She startled me! She'd zipped right in through the big north window of the arena, stopped right in front of my eyes underneath the brim of my hat and hovered there for a few moments, looking right at me, intently it seemed. It took a second for my eyes to focus on her, she was so close. Her colors were of the rainbow, but more intense, her tiny beak an inch from my nose. I considered reaching out to touch her in wonder, maybe to see if she was real, and in a flash she flew away, out the window again.
This happened in the afternoon of the first day of our three-day clinic with Robert and Janet Phinney. Their place is way up high in the forest of the Blue Mountains above Dayton, Washington, about an hour drive from Walla Walla. "Develop Collection, Trust, and Increase your Joy" was how their clinic was presented. I'd found myself with a few challenges lately with Arizona, so this sounded like just what we needed. I hoped to figure out a few pieces of the never-ending puzzle that is horsemanship. The first thing I will say about these two, is that besides being superb horsemen, the Phinneys don't have much room up there between the tall evergreens and pines for many horse trailers to park. And, even better, they prefer to keep it intimate, so they limit their clinics to six riders. .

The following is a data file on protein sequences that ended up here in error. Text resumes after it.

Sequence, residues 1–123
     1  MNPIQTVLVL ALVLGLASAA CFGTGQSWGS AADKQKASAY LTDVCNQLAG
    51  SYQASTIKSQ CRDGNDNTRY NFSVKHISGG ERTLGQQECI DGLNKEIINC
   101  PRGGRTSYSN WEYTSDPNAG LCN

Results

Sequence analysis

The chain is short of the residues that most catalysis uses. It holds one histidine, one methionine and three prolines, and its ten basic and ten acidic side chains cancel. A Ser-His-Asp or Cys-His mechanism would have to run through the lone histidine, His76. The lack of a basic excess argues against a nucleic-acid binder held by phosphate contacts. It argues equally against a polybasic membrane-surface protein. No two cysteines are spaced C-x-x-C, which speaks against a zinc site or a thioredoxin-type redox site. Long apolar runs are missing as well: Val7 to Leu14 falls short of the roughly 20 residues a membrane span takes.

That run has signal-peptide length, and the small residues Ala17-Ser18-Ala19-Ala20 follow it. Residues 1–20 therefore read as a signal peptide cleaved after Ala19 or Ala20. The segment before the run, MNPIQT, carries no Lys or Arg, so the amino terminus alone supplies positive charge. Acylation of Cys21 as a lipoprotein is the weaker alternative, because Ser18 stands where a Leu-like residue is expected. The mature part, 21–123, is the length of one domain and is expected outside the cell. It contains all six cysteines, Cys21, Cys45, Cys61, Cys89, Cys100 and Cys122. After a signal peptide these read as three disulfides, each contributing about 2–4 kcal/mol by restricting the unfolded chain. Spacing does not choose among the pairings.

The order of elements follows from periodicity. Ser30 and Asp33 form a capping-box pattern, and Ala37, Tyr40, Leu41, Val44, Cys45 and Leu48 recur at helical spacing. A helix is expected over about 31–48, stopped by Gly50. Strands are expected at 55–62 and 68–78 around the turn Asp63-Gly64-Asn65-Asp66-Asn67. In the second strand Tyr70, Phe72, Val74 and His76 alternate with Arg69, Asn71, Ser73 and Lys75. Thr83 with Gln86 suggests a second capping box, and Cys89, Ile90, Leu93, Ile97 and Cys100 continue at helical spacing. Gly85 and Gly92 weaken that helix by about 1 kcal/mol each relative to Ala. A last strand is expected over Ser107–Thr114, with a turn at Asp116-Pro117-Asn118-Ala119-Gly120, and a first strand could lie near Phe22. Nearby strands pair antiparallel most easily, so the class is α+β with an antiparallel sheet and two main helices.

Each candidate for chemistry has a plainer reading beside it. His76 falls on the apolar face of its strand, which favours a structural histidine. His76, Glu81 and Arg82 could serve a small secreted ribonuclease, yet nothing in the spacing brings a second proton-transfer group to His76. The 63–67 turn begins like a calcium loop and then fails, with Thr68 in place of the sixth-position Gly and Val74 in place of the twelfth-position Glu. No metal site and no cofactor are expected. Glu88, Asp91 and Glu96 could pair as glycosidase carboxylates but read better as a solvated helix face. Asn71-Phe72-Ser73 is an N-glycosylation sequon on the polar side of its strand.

The first day we worked mostly on groundwork, which is truly where you can mind meld with your horse, where you can tuck in tight and find out really what makes each other tick. With each exercise, Arizona learned that he could rely on me more than worry about whatever else was going on in his world. Little by little, our exercises expanded out to achieving more precision, and in a magical way, having more control and allowing more freedom at the same time. Robert and Janet were gentle, knowledgeable, and supportive.
The second day, after reviewing day one, we rode out from the beautiful covered arena, into the wild woods. We traveled up and down along roads and trails and through thick grasses, knee deep, the birds in the trees chirping over our heads in the trees. At one point, all the horses spun and spooked together. As I turned my head back toward the sound of rustling in the bushes, I could see the flagging white tails of two huge deer bounding away, disappearing into the woods. Toward the end of our ride, we found a log to walk or jump over. We were like kids, all of us out there on our horses, going again and again over the log and splashing through puddles.
In the evenings, (after nice hot showers in the outdoor shower), we gathered together and communally ate our dinner, reviewing our day and telling stories of our lives. By about 8:30 we were all in our beds.